: Settlers / Beekeeping in Iceland [May, 2021]

[Interviews with beekeepers and footage of apiaries in Iceland, summer 2017.]

 

[Full interview with Pat in Bjarnarfjörður, Iceland 2017. Part one focuses on experiences and practicalities of beekeeping on Iceland and part two on beekeeping and ecology on Iceland.]

 

ABOUT BEEKEEPING IN ICELAND

In many parts of Iceland it seems like it is almost impossible to make honey bees thrive for longer periods. The weather is just too harsh and there is not enough flowering plants. Feeding the bees with more sugar could make up for the lack of flowers, but if all the bees eat is imported sugar then the question is if it wouldn’t be better to just import honey instead. In other parts of Iceland, where the climate is milder, beekeeping is working out better. There are beekeepers who get up to 60kg of honey from a hive, which is a good harvest.

People on Iceland have been attempting beekeeping with more or less success from at least the 1940’s but more organised beekeeping didn’t start until the late 1990’s. Today the Icelandic Bee Association keeps track of 100-150 hives on Iceland. There is even a beekeeper who has started to breed queens. However, Icelandic beekeepers are still dependant on importing bees. The bees are imported from Åland, an island in the Baltic sea, between Sweden and Finland. Åland has been lucky and, because of its relative isolation, not been subjected to varroa and other bee diseases. The idea is that by bringing the bees from Åland these diseases can be avoided on Iceland too. So far it has worked out well.

If bumble bees, solitary bees and other wild pollinators are subjected to competition from honey bees is not particularly researched. However, it has been shown that there can be competition where there is a limited amount of flowering plants [1]. If beekeeping becomes more popular then perhaps there is a risk that honey bees outcompete some of the relatively few native pollinators on Iceland [2]. On the other hand, given the relatively few locations on Iceland that really are suitable for beekeeping, it is not likely that beekeeping will become ubiquitous anytime soon. More beekeeping would likely go together with changes in the flora and climate. In any case honey bees are not the biggest threat to wild pollinators on Iceland. A number of Iceland’s pollinators, including the native heath bumblebee, are already at risk of severe population declines if the invasive lupines that were introduced on Iceland in the 1940’s to combat soil erosions continues to replace native flowering plants [3]. This summer (2017) a new shipment with around seventy bee colonies arrived by airplane to Iceland from Åland. If these bees survive and reproduce it could mean that beekeeping is established in Iceland. If they don’t it will be one of several attempts to import bees that have not succeeded in creating a sustainable honeybee population in Iceland.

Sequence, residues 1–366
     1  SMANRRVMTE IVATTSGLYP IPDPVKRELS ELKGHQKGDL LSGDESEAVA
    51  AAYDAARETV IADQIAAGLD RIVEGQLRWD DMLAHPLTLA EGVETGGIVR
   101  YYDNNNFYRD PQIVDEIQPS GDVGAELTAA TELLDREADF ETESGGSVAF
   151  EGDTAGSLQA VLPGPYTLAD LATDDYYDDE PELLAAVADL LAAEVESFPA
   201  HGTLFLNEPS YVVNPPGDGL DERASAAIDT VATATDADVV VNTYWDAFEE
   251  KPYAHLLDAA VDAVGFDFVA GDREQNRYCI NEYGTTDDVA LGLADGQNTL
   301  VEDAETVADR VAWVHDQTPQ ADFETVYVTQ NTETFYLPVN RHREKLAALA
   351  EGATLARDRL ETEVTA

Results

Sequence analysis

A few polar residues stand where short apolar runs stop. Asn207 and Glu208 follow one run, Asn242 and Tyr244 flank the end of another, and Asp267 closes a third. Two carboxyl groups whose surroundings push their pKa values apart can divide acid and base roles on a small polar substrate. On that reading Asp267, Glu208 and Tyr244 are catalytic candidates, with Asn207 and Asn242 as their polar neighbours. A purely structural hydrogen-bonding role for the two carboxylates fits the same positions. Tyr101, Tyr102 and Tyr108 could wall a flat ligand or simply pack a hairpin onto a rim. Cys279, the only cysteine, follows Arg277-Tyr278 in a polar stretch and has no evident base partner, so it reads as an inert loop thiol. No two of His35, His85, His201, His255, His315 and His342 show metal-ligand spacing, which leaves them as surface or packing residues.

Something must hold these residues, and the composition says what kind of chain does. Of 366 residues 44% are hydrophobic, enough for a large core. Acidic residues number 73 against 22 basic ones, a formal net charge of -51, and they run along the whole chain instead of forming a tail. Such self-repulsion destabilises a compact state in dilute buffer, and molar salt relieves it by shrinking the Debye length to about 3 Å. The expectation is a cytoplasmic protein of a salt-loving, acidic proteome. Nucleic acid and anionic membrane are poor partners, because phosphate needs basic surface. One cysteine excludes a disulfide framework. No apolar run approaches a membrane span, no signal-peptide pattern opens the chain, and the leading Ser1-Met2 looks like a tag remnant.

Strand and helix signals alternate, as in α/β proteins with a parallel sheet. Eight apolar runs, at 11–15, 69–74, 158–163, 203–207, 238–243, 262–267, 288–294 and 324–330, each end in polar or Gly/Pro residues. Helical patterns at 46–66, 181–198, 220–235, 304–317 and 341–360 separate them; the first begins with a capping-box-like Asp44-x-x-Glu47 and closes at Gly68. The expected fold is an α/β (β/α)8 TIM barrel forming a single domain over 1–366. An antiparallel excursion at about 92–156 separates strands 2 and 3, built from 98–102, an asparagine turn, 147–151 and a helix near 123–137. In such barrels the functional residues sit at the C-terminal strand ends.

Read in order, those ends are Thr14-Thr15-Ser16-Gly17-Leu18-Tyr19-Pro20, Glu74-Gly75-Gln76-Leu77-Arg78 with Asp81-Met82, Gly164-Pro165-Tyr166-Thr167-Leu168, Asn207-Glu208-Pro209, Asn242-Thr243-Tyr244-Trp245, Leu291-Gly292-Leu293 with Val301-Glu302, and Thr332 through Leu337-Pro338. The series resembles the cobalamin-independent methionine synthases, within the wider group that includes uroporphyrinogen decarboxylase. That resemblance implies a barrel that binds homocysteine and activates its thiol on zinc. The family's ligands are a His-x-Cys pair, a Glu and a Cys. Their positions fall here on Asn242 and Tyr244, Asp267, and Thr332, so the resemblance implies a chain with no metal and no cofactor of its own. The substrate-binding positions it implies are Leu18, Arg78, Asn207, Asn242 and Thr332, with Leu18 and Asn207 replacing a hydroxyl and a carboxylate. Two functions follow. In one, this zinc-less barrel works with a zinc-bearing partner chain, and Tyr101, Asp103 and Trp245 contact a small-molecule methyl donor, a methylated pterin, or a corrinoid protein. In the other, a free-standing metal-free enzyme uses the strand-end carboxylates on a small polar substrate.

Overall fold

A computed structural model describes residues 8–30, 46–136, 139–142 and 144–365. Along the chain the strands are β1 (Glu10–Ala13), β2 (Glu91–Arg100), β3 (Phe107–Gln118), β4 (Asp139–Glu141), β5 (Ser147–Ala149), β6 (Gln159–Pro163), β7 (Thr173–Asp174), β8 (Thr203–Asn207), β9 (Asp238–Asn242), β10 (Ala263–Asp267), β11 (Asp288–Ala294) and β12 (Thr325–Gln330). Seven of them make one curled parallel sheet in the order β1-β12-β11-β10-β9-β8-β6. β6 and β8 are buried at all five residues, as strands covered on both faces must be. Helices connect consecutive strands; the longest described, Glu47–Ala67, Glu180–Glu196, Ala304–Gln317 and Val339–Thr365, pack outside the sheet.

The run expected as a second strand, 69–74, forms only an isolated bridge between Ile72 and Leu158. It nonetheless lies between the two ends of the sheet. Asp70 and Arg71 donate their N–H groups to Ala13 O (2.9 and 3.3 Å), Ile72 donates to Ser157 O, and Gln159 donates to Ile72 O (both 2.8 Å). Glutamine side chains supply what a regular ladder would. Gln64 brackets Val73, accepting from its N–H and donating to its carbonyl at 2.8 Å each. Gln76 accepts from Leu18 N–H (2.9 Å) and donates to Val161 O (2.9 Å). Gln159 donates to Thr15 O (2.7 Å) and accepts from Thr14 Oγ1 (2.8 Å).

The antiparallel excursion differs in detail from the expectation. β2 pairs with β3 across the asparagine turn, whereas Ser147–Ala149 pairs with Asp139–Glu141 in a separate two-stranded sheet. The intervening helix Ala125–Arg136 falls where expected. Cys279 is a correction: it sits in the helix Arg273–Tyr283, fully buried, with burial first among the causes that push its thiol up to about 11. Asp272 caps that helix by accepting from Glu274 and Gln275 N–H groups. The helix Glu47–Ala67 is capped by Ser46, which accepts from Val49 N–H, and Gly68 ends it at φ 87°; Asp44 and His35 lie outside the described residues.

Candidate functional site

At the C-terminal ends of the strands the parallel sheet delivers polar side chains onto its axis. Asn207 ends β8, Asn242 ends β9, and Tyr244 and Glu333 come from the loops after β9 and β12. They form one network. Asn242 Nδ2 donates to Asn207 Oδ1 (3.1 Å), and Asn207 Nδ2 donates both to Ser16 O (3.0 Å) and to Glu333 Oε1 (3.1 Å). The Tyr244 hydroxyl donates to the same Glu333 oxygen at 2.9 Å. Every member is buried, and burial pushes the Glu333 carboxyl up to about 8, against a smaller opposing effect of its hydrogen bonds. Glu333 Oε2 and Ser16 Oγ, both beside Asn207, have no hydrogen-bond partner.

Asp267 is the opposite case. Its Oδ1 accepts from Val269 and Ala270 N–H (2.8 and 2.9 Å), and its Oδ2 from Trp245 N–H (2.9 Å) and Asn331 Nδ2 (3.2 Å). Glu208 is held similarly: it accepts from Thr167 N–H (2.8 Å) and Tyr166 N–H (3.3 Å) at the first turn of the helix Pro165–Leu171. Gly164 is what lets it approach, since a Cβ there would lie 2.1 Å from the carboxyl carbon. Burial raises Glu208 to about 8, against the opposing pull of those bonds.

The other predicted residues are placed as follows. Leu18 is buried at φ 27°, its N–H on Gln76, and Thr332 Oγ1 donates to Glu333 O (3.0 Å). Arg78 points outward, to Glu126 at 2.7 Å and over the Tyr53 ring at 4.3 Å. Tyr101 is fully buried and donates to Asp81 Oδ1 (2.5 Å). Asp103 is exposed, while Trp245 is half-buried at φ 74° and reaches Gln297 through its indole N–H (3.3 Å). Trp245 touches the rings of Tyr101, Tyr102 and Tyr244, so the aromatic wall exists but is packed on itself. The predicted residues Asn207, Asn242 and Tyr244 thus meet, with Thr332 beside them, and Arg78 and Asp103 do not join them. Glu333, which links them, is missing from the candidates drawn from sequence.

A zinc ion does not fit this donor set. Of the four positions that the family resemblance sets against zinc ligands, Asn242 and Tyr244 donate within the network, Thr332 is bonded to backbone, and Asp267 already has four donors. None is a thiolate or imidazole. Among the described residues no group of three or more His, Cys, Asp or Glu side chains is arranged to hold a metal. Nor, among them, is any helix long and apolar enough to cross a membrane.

[1] Competition between managed honeybees and wild bumblebees depends on landscape context, Lina Herbertsson et al 2016.

[2] A quick search at The National and University Library of Iceland in Reykjavik revealed six pollinators on Iceland: Blomsveifa Syrphus torvus, Letursveifa Sphaerophoria scripta, Randasveifa Helophilus pendulus, Húshumla Bombus lucorum, Lodsveifa Eristalis intricaria, and finally the heath bumblebee (Móhumla Bombus jonellus), which is the only native bee on Iceland. Probably there are more than these on Iceland, but not that many.

[3] Pollinator diversity in native heath and alien Nootka lupine stands in Iceland, Jonathan Willow 2015.